Chronic Gastritis Clinical Presentation

Updated: Jun 07, 2019
  • Author: Akiva J Marcus, MD, PhD; Chief Editor: BS Anand, MD  more...
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H pyloriinfection

Acute H pylori infection usually is not detected clinically, but persistence of the organism causes H pylori chronic gastritis, which is usually asymptomatic but may manifest as epigastric pain, nausea, vomiting, anorexia, early satiety or weight loss. Symptoms may occur with the development of complications of chronic H pylori gastritis, which include peptic ulcers, gastric adenocarcinoma, and mucosa-associated lymphoid tissue (MALT) lymphoma.

Autoimmune gastritis

The clinical manifestations of autoimmune gastritis are primarily related to the deficiency in cobalamin, which is not adequately absorbed because of intrinsic factor (IF) deficiency resulting from severe gastric parietal cell atrophy. The disease has an insidious onset and progresses slowly. Cobalamin deficiency affects the hematologic, gastrointestinal (GI), and neurologic systems. [93]

The most significant hematologic manifestation is megaloblastic anemia, but on rare occasions, purpura due to thrombocytopenia may develop. Symptoms of anemia include weakness, light-headedness, vertigo, tinnitus, palpitations, angina and symptoms of congestive heart failure.

There are many gastrointestinal manifestations of cobalamin deficiency. Patients sometimes report having soreness of the tongue- called glossitis. Anorexia with moderate weight loss that is occasionally associated with diarrhea may result from malabsorption associated with megaloblastic changes of the small intestinal epithelial cells. [94]

Neurologic manifestations result from demyelination, followed by axonal degeneration and neuronal death. Affected sites include the peripheral nerves, posterior and lateral columns of the spinal cord, and cerebrum. Signs and symptoms include numbness and paresthesias in the extremities, weakness, and ataxia. Sphincter disturbances may occur. Mental function disturbances range from mild irritability to severe dementia or psychosis. Neurologic disease may occur in a patient with hematocrit and red cell parameters within the reference range. [95]

As previously mentioned, patients with pernicious anemia have an increased frequency of gastric polyps and gastric carcinoid, in addition to an increase in the frequency of gastric adenocarcinoma. [91, 92]

Granulomatous gastritis

In multisystemic diseases, specific symptoms related to gastric involvement may be minor. Caseating granulomas secondary to tuberculosis may be found in the absence of lung disease in patients who are malnourished, immunosuppressed, or alcoholic.

Patients with Crohn disease and gastric involvement may report abdominal pain, nausea, and vomiting. Gastric involvement in Crohn disease is almost invariably associated with intestinal disease, and intestinal manifestations predominate.

Sarcoidosis of the stomach is usually associated with granulomatous inflammation in other locations, especially the lungs, hilar nodes, or salivary glands. About 10% of patients with sarcoid involvement of the stomach are asymptomatic. Patients who are symptomatic present with gastric ulcers, hemorrhage, pyloric stricture, and gastric outlet obstruction.

Idiopathic isolated granulomatous gastritis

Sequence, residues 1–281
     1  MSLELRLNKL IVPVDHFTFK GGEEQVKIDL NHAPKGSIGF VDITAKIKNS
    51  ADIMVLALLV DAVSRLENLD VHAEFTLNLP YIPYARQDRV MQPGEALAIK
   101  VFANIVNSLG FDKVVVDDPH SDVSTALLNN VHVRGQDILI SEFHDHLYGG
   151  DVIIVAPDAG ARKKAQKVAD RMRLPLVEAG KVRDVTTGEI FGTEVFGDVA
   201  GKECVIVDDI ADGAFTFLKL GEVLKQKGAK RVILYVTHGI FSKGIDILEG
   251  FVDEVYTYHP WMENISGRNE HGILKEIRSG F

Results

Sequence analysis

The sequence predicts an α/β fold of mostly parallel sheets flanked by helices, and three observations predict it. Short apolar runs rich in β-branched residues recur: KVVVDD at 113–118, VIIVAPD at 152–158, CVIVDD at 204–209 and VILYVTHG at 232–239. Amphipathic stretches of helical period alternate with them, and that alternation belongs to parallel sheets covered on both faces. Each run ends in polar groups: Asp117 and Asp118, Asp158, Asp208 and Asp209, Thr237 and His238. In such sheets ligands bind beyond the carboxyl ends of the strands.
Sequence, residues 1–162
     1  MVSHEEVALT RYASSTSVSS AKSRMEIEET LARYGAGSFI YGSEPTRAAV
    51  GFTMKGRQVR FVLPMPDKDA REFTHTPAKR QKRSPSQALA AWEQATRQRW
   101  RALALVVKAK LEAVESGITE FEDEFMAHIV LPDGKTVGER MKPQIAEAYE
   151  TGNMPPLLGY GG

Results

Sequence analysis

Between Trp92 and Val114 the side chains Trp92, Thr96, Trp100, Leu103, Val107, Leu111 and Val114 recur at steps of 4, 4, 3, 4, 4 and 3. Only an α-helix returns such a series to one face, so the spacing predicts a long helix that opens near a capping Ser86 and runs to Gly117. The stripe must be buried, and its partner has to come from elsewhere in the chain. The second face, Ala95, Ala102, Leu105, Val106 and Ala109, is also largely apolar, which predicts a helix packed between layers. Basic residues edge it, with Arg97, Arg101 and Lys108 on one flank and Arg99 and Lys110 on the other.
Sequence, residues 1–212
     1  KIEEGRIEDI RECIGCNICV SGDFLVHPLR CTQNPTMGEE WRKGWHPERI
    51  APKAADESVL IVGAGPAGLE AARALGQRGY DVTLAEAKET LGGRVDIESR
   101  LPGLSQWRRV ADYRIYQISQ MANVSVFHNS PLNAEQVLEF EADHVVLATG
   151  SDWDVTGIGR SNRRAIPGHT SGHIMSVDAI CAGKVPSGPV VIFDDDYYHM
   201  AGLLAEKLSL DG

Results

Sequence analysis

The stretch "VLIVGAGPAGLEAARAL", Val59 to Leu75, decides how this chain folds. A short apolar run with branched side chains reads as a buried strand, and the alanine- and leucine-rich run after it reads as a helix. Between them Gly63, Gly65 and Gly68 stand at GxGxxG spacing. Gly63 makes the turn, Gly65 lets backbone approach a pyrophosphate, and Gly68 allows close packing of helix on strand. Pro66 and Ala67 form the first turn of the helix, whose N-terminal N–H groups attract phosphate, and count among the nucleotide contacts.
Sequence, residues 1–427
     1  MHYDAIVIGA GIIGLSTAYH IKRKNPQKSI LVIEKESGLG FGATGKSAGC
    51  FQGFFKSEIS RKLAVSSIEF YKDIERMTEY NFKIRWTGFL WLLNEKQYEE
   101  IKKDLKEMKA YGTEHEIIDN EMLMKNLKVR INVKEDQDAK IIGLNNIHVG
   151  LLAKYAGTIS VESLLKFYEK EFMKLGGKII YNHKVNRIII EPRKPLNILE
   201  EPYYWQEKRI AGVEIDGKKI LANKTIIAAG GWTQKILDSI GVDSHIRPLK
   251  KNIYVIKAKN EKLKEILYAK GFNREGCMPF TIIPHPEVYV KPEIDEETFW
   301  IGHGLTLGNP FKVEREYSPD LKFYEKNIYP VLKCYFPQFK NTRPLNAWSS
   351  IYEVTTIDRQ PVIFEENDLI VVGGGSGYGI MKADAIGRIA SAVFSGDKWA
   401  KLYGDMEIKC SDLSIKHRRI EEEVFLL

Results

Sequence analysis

The diagnosis of idiopathic isolated granulomatous gastritis is established only when known entities associated with granulomas are excluded. Patients who are symptomatic usually are older than 40 years at presentation and have epigastric pain, weight loss, and vomiting secondary to pyloric obstruction.

Lymphocytic gastritis

Lymphocytic gastritis mostly affects middle-aged or elderly patients. It may be associated with chronic H pylori infection, gluten-sensitive enteropathy, and Menetrier disease. It may represent a hypersensitivity reaction involving the gastric body. Lymphocytic gastritis has been described as complicating MALT lymphoma and gastric carcinoma.

Eosinophilic gastroenteritis

Some patients with eosinophilic gastroenteritis have underlying connective tissue disorders. Those with predominant mucosal involvement may report nausea, vomiting, and abdominal pain related to the ingestion of specific foods. Those with involvement of the muscularis propria and resulting thickening and rigidity may present with outlet obstruction symptoms. Many patients have a history of allergy, peripheral eosinophilia, asthma, eczema, or food sensitivity. Some respond to removal of these items from the diet, and steroid treatment is often helpful.

Gastritis in graft versus host disease

Graft versus host disease (GVHD) follows allogeneic bone marrow transplantation or transfusions, especially in patients who are immunocompromised. Patients with isolated gastric GVHD have symptoms of nausea, vomiting, and upper abdominal pain without diarrhea. [96]


Physical Examination

The physical examination contributes relatively little to the assessment and management of chronic gastritis. However, some findings are specifically associated with the particular complications of H pylori–associated gastritis and autoimmune gastritis.

In uncomplicated H pylori–associated atrophic gastritis, clinical findings are few and nonspecific. Epigastric tenderness may exist. If gastric ulcers coexist, guaiac-positive stool may result from occult blood loss. Bad breath (ie, halitosis) and abdominal pain or discomfort may occur, with bloating associated with bacterial overgrowth syndrome.

Physical findings may result from the development of pernicious anemia and neurologic complications in patients with autoimmune atrophic gastritis. With severe cobalamin deficiency, the patient is pale and has slightly icteric skin and eyes. The pulse is rapid, and the heart may be enlarged. Auscultation usually reveals a systolic flow murmur.